Every one of us has the ability to creatively solve a problem or learn a new craft. We can come up with all sorts of ways to make something better or more productive. Like any other skill, creativity can be developed. Here are 5 ways I have used to get my creative juices flowing and make my satisfying retirement a daily adventure. Maybe one or more of them will help you feed your creative spirit and supercharge your internal idea machine.
A) Stretch Your Horizons. Stimulate your mind by doing things out of your comfort zone. Go to a museum you usually avoid. Listen to a type of music that normally isn't on your iPod. Visit web sites that present a point of view you don’t agree with. Pick up a magazine that covers a subject you are unfamiliar with. Stepping outside your usual behavior will energize your thought process.
For me, I respond best to the written word. So, on a regular basis I go to the bookstore and pick up two magazines from subjects I know little or nothing about, or ones presenting a different political perspective than mine. Also, I hunt out new blogs that are in subjects that have nothing to do with retirement. More often than you might think something I read on a random blog will spur a fresh thought for this blog or a way to spark up my life.
Betty and I became members of the Desert Botanical Garden in Phoenix. At least once a month we spend an afternoon strolling among the cactus plants or trees, sitting by a fountain, having lunch, and people watching. Those few hours are just enough break in routine to make the rest of the day feel fresh.
B) Expand Social Interactions. Leave the iPad or smart phone for a while and go meet real people. The skills required to engage in small talk force you to think more deeply, listen more intently, and consider your response more thoroughly. People are highly unpredictable and often full of ideas you don’t have. Tap into that flow and see where it may take you.
This is a tougher one for me. Luckily at our new church I have become involved in several groups that have introduced me to new people. Every one has a fresh story to tell or insight on life, religion, and family that enrich me. I will freely admit, though, my social interaction isn't as open as I would like it to be. Maybe 2012 will be the year I take more risks in this regard.
C) Visit Web Sites Designed To Provoke. I have noted above I will visit web sites and blogs that present a different take on politics and our country's direction. But provoke also means to excite to some action or feeling. Sites like TED or iTunes offer hundreds of free video and lectures specifically designed to make you think. In TED's case many are under 10 minutes on almost any subject you can imagine. Again, I will choose a subject in which my knowledge is rudimentary at best. I may not like the talk, but all it costs me is 6 or 7 minutes. By forcing myself to do it I have accomplished one of the goals of creativity: taking a risk.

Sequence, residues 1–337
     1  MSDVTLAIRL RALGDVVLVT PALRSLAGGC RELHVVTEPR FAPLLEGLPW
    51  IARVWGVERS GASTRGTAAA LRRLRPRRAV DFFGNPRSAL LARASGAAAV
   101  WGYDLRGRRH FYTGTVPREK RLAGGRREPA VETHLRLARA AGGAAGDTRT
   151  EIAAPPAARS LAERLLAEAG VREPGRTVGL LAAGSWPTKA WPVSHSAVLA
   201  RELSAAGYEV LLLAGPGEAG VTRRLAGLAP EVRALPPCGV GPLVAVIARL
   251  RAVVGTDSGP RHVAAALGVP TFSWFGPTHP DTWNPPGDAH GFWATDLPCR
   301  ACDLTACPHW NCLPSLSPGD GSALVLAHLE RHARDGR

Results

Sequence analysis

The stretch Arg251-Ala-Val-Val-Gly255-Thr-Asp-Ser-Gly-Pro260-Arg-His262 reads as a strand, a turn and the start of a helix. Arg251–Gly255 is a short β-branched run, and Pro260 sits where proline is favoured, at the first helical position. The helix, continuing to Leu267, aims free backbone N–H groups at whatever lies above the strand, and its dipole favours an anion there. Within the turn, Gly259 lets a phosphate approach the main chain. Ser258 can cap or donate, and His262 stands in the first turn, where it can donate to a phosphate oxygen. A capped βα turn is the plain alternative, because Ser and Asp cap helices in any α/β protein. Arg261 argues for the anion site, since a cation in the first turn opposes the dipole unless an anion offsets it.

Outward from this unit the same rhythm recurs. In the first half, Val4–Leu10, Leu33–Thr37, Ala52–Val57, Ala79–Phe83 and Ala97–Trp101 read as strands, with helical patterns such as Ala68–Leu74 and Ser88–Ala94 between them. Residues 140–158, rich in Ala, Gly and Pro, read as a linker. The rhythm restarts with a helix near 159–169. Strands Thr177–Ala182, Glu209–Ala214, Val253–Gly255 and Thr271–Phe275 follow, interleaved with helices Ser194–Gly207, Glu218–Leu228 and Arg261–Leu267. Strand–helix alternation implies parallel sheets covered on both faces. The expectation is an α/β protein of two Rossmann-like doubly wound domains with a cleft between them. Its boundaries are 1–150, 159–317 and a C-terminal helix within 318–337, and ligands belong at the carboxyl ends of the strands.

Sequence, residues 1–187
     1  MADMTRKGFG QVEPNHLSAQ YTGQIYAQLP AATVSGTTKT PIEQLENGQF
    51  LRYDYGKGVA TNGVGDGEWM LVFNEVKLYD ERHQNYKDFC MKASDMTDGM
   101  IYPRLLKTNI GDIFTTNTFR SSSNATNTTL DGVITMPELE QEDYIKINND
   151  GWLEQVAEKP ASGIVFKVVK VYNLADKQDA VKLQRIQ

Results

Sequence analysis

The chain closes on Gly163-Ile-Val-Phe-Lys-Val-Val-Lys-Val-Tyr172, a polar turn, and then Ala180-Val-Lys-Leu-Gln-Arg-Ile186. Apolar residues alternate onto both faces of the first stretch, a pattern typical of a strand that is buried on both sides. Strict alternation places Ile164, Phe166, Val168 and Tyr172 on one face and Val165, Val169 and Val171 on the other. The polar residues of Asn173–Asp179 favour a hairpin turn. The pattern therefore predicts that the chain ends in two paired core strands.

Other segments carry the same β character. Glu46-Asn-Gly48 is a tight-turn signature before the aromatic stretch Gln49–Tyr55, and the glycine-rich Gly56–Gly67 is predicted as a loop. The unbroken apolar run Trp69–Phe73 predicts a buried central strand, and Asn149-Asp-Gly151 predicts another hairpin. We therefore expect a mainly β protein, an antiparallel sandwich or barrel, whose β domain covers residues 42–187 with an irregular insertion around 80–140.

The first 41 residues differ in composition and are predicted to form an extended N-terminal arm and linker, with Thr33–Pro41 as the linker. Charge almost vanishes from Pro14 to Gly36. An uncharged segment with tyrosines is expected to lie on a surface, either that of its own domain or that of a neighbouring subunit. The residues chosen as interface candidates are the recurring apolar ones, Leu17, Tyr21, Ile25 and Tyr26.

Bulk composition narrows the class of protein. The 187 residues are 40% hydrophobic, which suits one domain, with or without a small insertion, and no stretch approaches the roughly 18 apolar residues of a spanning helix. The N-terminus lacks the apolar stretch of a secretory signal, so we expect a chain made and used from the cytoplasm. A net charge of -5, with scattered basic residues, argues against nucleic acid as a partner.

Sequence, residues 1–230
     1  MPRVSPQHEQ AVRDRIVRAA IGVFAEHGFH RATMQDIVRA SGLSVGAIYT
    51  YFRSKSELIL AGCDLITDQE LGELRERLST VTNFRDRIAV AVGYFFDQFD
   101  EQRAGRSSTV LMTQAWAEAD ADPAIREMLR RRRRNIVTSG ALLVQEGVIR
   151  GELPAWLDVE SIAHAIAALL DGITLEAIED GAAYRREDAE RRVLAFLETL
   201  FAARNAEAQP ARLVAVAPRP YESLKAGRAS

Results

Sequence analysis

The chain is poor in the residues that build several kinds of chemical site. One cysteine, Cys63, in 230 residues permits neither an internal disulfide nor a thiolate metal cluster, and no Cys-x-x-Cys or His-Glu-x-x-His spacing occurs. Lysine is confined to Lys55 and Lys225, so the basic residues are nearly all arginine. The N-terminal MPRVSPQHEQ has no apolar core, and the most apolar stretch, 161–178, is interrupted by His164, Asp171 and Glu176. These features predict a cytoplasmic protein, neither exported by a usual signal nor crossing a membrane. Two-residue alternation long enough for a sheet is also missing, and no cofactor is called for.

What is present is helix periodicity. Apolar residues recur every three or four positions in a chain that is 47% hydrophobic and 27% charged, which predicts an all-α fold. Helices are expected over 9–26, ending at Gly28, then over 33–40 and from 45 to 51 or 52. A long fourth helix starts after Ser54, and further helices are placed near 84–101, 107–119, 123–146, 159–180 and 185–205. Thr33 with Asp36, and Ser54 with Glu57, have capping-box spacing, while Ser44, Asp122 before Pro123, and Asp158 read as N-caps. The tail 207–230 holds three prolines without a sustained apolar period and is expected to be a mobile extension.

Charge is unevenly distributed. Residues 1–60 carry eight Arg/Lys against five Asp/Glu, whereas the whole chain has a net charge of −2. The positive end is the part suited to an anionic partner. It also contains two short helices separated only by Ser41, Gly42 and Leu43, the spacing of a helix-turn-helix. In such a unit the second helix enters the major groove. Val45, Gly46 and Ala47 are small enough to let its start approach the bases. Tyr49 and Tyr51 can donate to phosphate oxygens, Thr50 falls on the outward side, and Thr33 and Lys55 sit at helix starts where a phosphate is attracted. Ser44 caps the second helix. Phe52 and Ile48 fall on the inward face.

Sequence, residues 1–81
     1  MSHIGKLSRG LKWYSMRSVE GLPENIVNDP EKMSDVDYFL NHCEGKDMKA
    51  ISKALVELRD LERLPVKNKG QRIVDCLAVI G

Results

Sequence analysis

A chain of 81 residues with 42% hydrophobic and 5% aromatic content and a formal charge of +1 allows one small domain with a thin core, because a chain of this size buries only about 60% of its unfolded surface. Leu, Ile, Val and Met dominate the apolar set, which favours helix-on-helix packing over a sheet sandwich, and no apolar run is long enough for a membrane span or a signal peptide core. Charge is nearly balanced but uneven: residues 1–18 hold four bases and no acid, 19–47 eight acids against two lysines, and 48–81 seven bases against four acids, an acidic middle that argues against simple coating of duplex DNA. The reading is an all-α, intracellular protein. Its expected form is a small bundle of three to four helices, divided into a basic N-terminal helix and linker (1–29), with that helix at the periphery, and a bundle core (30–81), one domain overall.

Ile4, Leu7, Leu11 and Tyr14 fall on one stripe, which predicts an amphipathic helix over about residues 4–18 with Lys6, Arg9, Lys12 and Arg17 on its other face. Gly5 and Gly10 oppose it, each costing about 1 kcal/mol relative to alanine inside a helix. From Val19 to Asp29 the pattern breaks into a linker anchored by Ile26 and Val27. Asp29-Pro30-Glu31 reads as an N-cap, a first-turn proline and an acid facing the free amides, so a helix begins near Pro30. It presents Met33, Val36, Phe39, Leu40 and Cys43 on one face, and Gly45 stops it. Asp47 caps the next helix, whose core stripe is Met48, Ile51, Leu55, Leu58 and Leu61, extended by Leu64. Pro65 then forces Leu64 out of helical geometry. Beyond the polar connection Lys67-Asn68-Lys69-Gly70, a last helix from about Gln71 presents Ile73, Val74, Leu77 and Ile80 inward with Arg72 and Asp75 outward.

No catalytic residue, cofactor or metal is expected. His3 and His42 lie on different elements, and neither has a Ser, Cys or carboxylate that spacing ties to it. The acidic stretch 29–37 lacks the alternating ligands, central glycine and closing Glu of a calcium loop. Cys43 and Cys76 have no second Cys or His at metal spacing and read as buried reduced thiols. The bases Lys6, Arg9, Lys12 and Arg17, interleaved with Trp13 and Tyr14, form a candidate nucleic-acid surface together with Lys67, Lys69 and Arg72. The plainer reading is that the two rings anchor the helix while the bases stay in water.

One of the new items I am adding to this blog are videos at the end of an occasional blog. Many will be from TED. I hope they add a little different feel to the posts and give you the chance to go a bit deeper into the subject I have chosen to write about.
D) Keep A Journal. When I wrote about journaling very early in this blog's life, the response was underwhelming. In further conversations with folks in my life journaling isn't even considered by many people for two reasons: few of use actually use pen and paper to write anything anymore, and the time required for introspection isn't available. Every one is just too busy.
I urge you to abandon the "common wisdom" and try it. I've kept journals on and off for decades. They aren't the diary-like "here’s what I did today” recap. They may be during a vacation, or often during a Bible study. When I found myself becoming kind of negative toward the state of the world or my place in it I have kept Gratitude Journals. Writing down two or three things I am thankful for that day goes a long way toward keeping my focus on the positive.
I guess it isn't technically a journal, but anything that stimulates an idea for this blog goes into a notebook. If I thought about the need to write close to 2,500 words a week with no outside inspiration I might freeze up! For me adding to a journal or notebook on a regular basis works my mind. Have you ever thought of giving it a try?
When you learn something new, or tackle a difficult problem, you feel alive. What you are feeling is the power of creativity. How do you stoke your creative fires? What are you doing to stay excited and engaged? Are you looking for something to give you that "I can't wait to get out of bed this morning" feeling? After all, retirement is only the beginning.
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